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||Estrogen Metabolism and Risk of Postmenopausal Endometrial and Ovarian Cancer: the B∼FIT Cohort.
||Dallal CM, Lacey JV Jr, Pfeiffer RM, Bauer DC, Falk RT, Buist DS, Cauley JA, Hue TF, LaCroix AZ, Tice JA, Veenstra TD, Xu X, Brinton LA, B∼FIT Research Group
||BB, EBP, MEB, OD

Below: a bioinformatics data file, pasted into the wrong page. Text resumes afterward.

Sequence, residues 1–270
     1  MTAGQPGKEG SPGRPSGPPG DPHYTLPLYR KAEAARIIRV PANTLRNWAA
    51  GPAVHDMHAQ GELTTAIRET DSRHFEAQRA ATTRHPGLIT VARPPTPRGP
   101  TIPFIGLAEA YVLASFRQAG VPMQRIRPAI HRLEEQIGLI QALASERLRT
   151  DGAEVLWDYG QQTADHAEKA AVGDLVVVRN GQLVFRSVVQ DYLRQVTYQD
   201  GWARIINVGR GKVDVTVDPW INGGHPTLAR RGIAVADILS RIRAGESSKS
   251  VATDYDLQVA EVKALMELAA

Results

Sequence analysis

||Estrogen metabolites may have different genotoxic and mitogenic properties yet their relationship with endometrial and ovarian cancer risk remains unclear. Within the Breast and Bone Follow-up to the Fracture Intervention Trial (B∼FIT, n = 15,595), we conducted a case-cohort study to evaluate 15 pre-diagnostic serum estrogens and estrogen metabolites with risk of incident endometrial and ovarian cancer among postmenopausal women not on hormone therapy. Participants included 66 endometrial and 67 ovarian cancer cases diagnosed during follow-up (∼10 years) and subcohorts of 346 and 416 women, respectively, after relevant exclusions. Serum concentrations were measured by liquid chromatography-tandem mass spectrometry. Hazard ratios (HRs) and 95 % confidence intervals (CIs) were estimated using Cox proportional hazard regression. Exposures were categorized in tertiles (T) and analyzed individually, as metabolic pathways (C-2, -4, or -16) and as ratios to parent estrogens (estradiol, estrone). Estradiol was significantly associated with increased endometrial cancer risk (BMI-adjusted HRT3vsT1 = 4.09, 95 % CI 1.70, 9.85; p trend = 0.003). 2-Hydroxyestrone and 16α-hydroxyestrone were not associated with endometrial risk after estradiol adjustment (2-OHE1:HRT3vsT1 = 1.97, 95 % CI 0.78, 4.94; 16-OHE1:HRT3vsT1 = 1.50, 95 % CI 0.65, 3.46; p trend = 0.16 and 0.36, respectively). Ratios of 2- and 4-pathway catechol-to-methylated estrogens remained positively associated with endometrial cancer after BMI or estradiol adjustment (2-pathway catechols-to-methylated: HRT3vsT1 = 4.02, 95 % CI 1.60, 10.1; 4-pathway catechols-to-methylated: HRT3vsT1 = 4.59, 95 % CI 1.64, 12.9; p trend = 0.002 for both). Estrogens and estrogen metabolites were not associated with ovarian cancer risk; however, larger studies are needed to better evaluate these relationships. Estrogen metabolism may be important in endometrial carcinogenesis, particularly with less extensive methylation of 2- or 4-pathway catechols associated with elevated endometrial cancer risk.